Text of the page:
Multiple imputation of missing data in multilevel ecological momentary assessments: an example using smoking cessation study data

Linying Ji, Yanling Li, Lindsey N. Potter, Cho Y. Lam, Inbal Nahum-Shani, David W. Wetter, Sy Miin Chow

Research output: Contribution to journalArticlepeer-review

Abstract

Advances in digital technology have greatly increased the ease of collecting intensive longitudinal data (ILD) such as ecological momentary assessments (EMAs) in studies of behavior changes. Such data are typically multilevel (e.g., with repeated measures nested within individuals), and are inevitably characterized by some degrees of missingness. Previous studies have validated the utility of multiple imputation as a way to handle missing observations in ILD when the imputation model is properly specified to reflect time dependencies. In this study, we illustrate the importance of proper accommodation of multilevel ILD structures in performing multiple imputations, and compare the performance of a multilevel multiple imputation (multilevel MI) approach relative to other approaches that do not account for such structures in a Monte Carlo simulation study. Empirical EMA data from a tobacco cessation study are used to demonstrate the utility of the multilevel MI approach, and the implications of separating participant- and study-initiated EMAs in evaluating individuals’ affective dynamics and urge.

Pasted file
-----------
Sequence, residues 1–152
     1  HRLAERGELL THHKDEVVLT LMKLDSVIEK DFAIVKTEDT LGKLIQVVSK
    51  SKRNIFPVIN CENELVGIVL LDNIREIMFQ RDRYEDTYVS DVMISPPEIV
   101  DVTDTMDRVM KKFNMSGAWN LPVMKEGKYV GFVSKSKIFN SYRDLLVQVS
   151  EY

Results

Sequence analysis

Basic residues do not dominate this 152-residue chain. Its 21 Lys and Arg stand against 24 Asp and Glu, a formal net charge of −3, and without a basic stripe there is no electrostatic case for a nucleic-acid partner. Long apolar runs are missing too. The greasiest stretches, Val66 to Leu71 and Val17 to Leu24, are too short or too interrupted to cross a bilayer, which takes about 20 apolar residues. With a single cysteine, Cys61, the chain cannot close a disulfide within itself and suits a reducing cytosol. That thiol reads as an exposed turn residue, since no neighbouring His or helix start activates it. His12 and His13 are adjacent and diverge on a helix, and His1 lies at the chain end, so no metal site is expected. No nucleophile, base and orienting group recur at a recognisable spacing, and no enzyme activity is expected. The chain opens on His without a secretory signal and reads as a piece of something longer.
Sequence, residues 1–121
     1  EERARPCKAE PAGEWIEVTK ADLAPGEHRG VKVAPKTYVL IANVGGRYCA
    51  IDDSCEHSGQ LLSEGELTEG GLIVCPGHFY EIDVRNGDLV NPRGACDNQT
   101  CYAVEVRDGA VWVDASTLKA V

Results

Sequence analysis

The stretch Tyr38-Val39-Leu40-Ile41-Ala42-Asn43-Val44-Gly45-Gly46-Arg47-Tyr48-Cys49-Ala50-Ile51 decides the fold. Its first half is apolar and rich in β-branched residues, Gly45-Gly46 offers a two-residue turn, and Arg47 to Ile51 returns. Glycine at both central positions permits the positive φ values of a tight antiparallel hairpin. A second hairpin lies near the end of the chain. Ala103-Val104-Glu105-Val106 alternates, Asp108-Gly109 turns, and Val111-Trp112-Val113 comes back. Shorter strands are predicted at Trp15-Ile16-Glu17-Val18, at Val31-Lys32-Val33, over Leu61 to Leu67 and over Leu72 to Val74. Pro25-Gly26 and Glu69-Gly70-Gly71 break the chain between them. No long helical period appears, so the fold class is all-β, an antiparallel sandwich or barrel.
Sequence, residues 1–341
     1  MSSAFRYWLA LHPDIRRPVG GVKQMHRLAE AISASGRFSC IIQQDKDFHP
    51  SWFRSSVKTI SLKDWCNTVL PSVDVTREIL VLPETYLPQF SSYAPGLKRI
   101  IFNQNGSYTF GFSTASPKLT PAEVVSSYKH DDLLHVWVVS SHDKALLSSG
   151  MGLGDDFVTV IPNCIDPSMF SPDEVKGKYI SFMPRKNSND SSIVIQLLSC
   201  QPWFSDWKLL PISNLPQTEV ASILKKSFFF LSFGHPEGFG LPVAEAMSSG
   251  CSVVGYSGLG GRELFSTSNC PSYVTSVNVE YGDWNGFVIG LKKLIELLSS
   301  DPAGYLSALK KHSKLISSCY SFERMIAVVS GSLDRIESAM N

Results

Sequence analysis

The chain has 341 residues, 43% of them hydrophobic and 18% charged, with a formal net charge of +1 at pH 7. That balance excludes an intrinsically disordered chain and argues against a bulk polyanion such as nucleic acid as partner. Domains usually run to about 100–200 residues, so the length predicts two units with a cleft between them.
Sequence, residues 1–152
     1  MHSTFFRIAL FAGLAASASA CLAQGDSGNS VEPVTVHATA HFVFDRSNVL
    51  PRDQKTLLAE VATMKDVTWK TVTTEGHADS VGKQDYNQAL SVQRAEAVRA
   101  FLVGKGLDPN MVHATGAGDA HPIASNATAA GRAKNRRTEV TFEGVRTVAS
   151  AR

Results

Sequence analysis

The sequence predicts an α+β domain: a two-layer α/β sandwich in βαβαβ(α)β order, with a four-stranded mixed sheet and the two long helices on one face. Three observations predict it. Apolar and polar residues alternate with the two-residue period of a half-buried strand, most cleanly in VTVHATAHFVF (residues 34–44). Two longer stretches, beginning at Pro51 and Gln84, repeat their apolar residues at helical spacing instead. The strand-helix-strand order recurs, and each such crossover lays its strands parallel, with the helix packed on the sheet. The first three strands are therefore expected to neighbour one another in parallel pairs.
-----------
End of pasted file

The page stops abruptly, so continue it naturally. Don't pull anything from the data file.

Original languageEnglish (US)
Article number1099517
JournalFrontiers in Digital Health
Volume5
DOIs
StatePublished - 2023

All Science Journal Classification (ASJC) codes

  • Medicine (miscellaneous)
  • Biomedical Engineering
  • Health Informatics
  • Computer Science Applications

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